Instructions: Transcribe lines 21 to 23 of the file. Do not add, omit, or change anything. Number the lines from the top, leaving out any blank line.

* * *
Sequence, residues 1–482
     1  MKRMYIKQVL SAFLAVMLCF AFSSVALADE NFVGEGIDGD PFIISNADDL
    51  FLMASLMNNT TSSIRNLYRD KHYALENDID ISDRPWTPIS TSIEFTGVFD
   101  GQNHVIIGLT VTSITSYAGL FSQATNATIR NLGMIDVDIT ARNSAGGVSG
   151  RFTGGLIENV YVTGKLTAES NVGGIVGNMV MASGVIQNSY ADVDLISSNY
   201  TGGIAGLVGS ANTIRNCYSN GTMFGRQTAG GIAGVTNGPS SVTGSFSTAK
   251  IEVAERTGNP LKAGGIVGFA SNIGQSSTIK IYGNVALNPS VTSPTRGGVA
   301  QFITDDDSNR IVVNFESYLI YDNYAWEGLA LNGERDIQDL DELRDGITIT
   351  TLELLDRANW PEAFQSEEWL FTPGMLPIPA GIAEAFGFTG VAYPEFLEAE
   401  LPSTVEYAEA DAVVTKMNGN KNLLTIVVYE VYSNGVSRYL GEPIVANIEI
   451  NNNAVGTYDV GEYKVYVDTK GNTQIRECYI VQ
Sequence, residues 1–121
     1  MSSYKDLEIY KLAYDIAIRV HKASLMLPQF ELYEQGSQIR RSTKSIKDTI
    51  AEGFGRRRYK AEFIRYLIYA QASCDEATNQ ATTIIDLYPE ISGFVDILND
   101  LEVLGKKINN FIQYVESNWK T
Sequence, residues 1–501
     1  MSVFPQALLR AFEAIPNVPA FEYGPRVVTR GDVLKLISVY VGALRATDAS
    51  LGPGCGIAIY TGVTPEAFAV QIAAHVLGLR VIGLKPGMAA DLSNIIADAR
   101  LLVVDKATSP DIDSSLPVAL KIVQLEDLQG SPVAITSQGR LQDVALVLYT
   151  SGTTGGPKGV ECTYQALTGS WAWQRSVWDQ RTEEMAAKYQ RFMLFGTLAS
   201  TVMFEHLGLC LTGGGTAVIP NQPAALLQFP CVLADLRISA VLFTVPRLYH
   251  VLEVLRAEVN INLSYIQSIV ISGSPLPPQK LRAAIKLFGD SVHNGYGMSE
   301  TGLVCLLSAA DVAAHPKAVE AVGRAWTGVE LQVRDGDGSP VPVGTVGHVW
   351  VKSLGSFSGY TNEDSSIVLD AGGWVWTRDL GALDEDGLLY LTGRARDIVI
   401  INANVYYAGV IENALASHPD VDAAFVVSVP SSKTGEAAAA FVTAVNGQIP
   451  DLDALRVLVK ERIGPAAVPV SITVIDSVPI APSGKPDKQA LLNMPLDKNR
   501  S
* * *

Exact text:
   201  TVMFEHLGLC LTGGGTAVIP NQPAALLQFP CVLADLRISA VLFTVPRLYH
   251  VLEVLRAEVN INLSYIQSIV ISGSPLPPQK LRAAIKLFGD SVHNGYGMSE
   301  TGLVCLLSAA DVAAHPKAVE AVGRAWTGVE LQVRDGDGSP VPVGTVGHVW